On the Thresholds of Space-Making

Shinohara Kazuo, Great room (hiroma), House in White, Suginami Ward, Tokyo, 1964‐66. Full credit below.

First U.S. museum exhibition for "cult" Japanese architect Shinohara Kazuo

Posted by Liam Otten February 20, 2014

"A house is a work of art."

So declared Shinohara Kazuo (1925-2006), one of the most influential figures in post-war international modernism. And in Shinohara's hands, it was. Projects such as Kugayama House (1952-54) and Umbrella House (1959-61) combined rigorous geometry with traditional Japanese forms to create purist, poetic structures of modest scale but vast ambition.

Yet Shinohara remains something of a cult figure. Though his works have inspired generations of architects, they have seldom been seen outside Japan.

Now this mathematician turned architect is finally receiving his first U.S. museum exhibition. Organized by the Mildred Lane Kemper Art Museum at Washington University in St. Louis, On the Thresholds of Space-Making: Shinohara Kazuo and His Legacy features original drawings, sketches, period photographs, and other archival material—much of which has never been publicly displayed before.

Drawn largely from the Shinohara Kazuo Archive at the Tokyo Institute of Technology, On the Thresholds of Space-Making is curated by Seng Kuan, assistant professor of architectural history in WUSTL's Sam Fox School of Design & Visual Arts.

"With such projects as House in White (1964–66) Shinohara reinvented established forms of the single-family dwelling," Kuan says. Familiar design elements—a square plan, a pointed roof, white walls, and a center post—are infused with a new sense of abstraction, detailing, and symbolism.

The result "gives the traditional Japanese great room an almost oceanic spaciousness."

The Shinohara School

Born in Shizuoka, Shinohara studied and briefly taught mathematics but soon enrolled in Tokyo Institute of Technology's architecture program. After graduation, in 1953, he joined the faculty and remained there until retirement, in 1986.

"Shinohara conducted his design work exclusively through the university laboratory rather than through a private atelier," Kuan explains. "This lifelong research-driven approach allowed him to focus singularly and exhaustively on theoretical concerns."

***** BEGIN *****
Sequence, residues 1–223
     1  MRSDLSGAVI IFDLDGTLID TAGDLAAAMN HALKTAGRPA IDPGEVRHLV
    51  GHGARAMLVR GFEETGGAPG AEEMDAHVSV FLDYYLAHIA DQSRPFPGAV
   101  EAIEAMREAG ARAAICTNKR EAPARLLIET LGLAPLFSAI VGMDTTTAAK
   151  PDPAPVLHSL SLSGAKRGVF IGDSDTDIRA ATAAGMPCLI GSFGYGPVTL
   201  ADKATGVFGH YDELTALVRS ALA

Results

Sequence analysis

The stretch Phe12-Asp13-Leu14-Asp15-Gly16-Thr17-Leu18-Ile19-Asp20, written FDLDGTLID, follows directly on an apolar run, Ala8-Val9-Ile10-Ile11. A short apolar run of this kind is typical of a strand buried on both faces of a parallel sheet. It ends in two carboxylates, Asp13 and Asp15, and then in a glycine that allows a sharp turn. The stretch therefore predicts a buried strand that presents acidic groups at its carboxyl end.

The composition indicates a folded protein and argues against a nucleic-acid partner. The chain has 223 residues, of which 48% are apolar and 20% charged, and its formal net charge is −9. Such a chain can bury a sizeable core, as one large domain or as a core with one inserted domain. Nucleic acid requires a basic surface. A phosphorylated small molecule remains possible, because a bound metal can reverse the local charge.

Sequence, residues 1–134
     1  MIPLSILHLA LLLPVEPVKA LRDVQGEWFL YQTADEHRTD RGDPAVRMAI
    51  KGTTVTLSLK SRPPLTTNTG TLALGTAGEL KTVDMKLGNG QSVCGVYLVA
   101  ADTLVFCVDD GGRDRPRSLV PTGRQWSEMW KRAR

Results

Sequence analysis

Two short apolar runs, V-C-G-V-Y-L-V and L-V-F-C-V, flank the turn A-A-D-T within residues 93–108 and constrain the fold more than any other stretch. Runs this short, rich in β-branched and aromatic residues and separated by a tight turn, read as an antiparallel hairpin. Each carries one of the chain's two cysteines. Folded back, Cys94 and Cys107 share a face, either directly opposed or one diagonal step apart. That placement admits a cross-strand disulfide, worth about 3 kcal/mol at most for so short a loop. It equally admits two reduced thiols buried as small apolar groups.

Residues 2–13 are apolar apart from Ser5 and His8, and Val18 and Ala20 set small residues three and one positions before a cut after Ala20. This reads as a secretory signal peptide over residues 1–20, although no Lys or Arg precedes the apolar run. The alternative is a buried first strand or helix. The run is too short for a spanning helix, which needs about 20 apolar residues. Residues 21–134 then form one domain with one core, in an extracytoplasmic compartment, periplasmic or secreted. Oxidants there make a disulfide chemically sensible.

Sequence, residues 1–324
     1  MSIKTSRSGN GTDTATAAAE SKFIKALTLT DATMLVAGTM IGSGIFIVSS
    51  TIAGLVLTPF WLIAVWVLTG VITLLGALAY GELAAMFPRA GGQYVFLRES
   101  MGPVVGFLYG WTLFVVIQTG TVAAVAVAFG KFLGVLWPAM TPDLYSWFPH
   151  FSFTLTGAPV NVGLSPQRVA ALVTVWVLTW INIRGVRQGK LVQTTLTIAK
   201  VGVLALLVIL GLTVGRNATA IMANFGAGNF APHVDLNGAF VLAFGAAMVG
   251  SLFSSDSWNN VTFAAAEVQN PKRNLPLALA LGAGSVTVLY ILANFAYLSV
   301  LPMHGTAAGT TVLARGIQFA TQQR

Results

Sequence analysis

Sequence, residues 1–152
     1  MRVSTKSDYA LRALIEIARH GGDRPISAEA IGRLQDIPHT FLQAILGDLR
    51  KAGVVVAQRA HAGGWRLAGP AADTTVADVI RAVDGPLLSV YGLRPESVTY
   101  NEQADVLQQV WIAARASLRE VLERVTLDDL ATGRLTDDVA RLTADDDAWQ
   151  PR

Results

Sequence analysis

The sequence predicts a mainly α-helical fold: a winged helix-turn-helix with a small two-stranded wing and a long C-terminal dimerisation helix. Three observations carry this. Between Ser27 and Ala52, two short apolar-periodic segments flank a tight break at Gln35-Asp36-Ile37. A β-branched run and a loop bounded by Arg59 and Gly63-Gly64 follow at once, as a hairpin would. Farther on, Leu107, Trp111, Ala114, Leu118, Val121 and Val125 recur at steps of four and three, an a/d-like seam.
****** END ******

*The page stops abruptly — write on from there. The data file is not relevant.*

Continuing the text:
Those concerns included scrutinizing and reframing a series of fundamental architectural dualities: public and private, bigness and smallness, openness and enclosure, chaos and order.

"Shinohara's pioneering body of work and theoretical investigations of space-making are a touchstone for architects both in Japan and abroad," Kuan says. His sustained methodological and typological rigor "have played a key role in shaping Japan's history of leadership in architectural innovation."

To demonstrate that legacy, On the Thresholds of Space-Making includes a sampling of works by contemporary Japanese architects who have acknowledged intellectual indebtedness to Shinohara. Featured are projects by the Pritzker Prize-winner Toyō Itō (b. 1941) as well as Nishizawa Ryue (b. 1966) of the firm SANAA; Atelier Bow-Wow; and Ishigami Junya (b. 1974)—all recognized as global leaders of contemporary design.

"By juxtaposing Shinohara's work with that of subsequent generations, we see a clear lineage that constitutes a highly energized collective of creative talent," Kuan says. "These architects pushed the frontiers of architectural design, unrivaled in their intellectual rigor and stylistic coherence in contemporary global practice."

Exhibition Support

On the Thresholds of Space-Making remains on view through April 20. Support for the exhibition is provided by the Sam Fox School of Design & Visual Arts and College of Architecture; the Japan Foundation; the Graham Foundation for Advanced Studies in the Fine Arts; and members of the Kemper Art Museum.

Image credit

Shinohara Kazuo, Great room (hiroma), House in White, Suginami Ward, Tokyo, 1964‐66. Photo by Murai Osamu, c. 1966. Courtesy of Tokyo Institute of Technology.